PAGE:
|Filed Feb. 19, 2003|
State of North Dakota, Plaintiff and Appellee
Thomas J. Olson, Defendant and Appellant
Nos. 20020091 & 20020092
Appeal from the District Court of Morton County, South Central Judicial District, the Honorable Robert O. Wefald, Judge.
Opinion of the Court by Neumann, Justice.
Brian David Grosinger, Assistant State's Attorney, 210 2nd Avenue NW, Mandan, ND 58554, for plaintiff and appellee.
Chad R. McCabe, Vinje Law Firm, 523 North 4th Street, Bismarck, N.D. 58501-4055, for defendant and appellant. Paul H. Myerchin (appeared), Bormann & Myerchin, LLP, P.O. Box 995, Bismarck, N.D. 58502-0995, and Grant J. Shostak, Moline, Shostak & Mehan, The Berkley Building, 8015 Forsyth Boulevard, St. Louis, MO 63105, for amicus curiae National Association of Criminal Defense Lawyers.
State v. Olson
[¶1] Thomas J. Olson has appealed district court orders and judgment revoking his probation, striking his defense of lack of criminal responsibility, denying his motion for a continuance, and denying his request for reconsideration. We affirm.
[¶2] In November 2001, Lisa Johner secured a domestic violence protection order prohibiting Olson from following, stalking, or having any direct or indirect contact with her. On February 12, 2002, Olson pleaded guilty in Morton County District Court to three counts of violating a domestic violence protection order. Olson was sentenced to six months in jail, with all but ten days suspended for two years, with the imprisonment to be served on weekends. Olson was placed on probation for two years, subject to a number of conditions, including that he have no contact with Lisa Johner and that any violation of the protection order is a violation of probation.
[¶3] On February 28, 2002, the State petitioned for revocation of Olson's probation, alleging Olson "violated one or more of the conditions of probation" because he "contacted Lisa Johner on February 22,(1) 2002, a violation of the Court Order," and "any violation of the protection order is a violation of probation."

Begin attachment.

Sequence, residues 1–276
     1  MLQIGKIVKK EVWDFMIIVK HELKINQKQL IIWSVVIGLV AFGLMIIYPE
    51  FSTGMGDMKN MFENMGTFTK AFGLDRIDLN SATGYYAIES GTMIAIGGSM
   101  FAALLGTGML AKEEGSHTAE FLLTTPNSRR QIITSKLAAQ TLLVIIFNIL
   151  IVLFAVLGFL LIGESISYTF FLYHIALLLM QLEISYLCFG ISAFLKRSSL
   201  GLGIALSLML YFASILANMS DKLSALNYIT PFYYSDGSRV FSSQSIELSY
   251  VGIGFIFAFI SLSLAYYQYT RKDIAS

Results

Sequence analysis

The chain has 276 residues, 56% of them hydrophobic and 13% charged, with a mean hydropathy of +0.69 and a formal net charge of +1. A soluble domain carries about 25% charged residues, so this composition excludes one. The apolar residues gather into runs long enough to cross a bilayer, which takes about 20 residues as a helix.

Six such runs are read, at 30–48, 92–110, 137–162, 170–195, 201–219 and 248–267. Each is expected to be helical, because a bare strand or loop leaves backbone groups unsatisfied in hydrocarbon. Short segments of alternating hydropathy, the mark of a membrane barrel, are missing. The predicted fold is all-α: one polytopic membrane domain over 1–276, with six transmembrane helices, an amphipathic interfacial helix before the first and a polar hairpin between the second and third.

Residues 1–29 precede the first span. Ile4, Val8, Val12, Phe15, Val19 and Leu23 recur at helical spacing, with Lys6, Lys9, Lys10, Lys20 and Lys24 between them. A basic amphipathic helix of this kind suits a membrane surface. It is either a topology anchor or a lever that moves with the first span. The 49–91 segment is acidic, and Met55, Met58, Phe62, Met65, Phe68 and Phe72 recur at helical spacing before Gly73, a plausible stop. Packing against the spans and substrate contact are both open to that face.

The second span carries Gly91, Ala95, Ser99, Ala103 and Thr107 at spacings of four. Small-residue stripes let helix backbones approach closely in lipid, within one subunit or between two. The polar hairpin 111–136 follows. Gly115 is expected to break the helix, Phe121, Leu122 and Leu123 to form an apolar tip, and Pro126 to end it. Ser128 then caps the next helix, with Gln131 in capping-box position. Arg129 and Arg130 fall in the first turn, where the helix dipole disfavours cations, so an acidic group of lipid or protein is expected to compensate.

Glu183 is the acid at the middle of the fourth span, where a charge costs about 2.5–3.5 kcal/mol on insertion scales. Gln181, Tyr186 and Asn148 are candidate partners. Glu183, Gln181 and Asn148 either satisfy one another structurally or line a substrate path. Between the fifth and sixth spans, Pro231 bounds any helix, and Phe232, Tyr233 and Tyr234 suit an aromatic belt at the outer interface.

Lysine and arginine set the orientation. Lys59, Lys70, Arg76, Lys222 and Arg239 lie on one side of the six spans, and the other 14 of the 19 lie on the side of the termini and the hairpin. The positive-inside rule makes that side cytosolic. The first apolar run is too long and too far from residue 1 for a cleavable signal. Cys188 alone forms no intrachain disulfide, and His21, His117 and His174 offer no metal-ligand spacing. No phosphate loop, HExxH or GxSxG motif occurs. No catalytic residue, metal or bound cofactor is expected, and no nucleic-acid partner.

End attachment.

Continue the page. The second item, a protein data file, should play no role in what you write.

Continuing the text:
[¶4] Olson filed a notice of a defense of lack of criminal responsibility and moved for a continuance. The court struck the defense and denied the motion, explaining: "The crimes of which the defendant were convicted are strict liability offenses. No requirement of his conduct being willful was required and, likewise, there is no requirement of willfulness in the revocation hearing." Olson moved for reconsideration, which the court denied.
[¶5] At the hearing on April 9, 2002, Officer Seidel of the Bismarck Police Department testified: (1) On February 21, 2002, he was dispatched to a parking lot to meet Olson, who said Lisa Johner and a friend had smoked marijuana in a car and were now in the Elbow Room; (2) He followed Johner and her companion when they left in the vehicle and stopped following them when he observed no traffic violations; (3) He saw Olson follow Johner when Johner was eastbound on Front Avenue; and (4) Olson soon reported Johner's car had just been parked at 601 South 13th Street. Seidel testified Johner requested an officer at 601 South 13th Street, her friend's parents' house, and told Seidel:
she had a protection order against Thomas and that he had been following them for some time, so that they had stopped at the closest place that they could, which was the parents of Travis. . . . They said as they were making a phone call and as they were at this residence, they had noticed him drive by or circle approximately two or three or four times.Seidel testified Johner showed him a copy of the protection order, which stated Olson was not to follow or stalk Johner. Officer Seidel stated he felt Olson had followed Johner "from Ninth and Front to the location she was presently at" and he then arrested Olson for violation of a protection order.
[¶6] Olson testified he called the police about Lisa and her friend "to get back at them and make--I was trying to be a good citizen and helping the cops to get an arrest on narcotic use," and "it appeared" he was "following Lisa, but really" he was "in the area of [his] friend Larry Larson's house." On cross-examination, Olson said he had previously been convicted of violating the protection order. Olson's attorney made an offer of proof: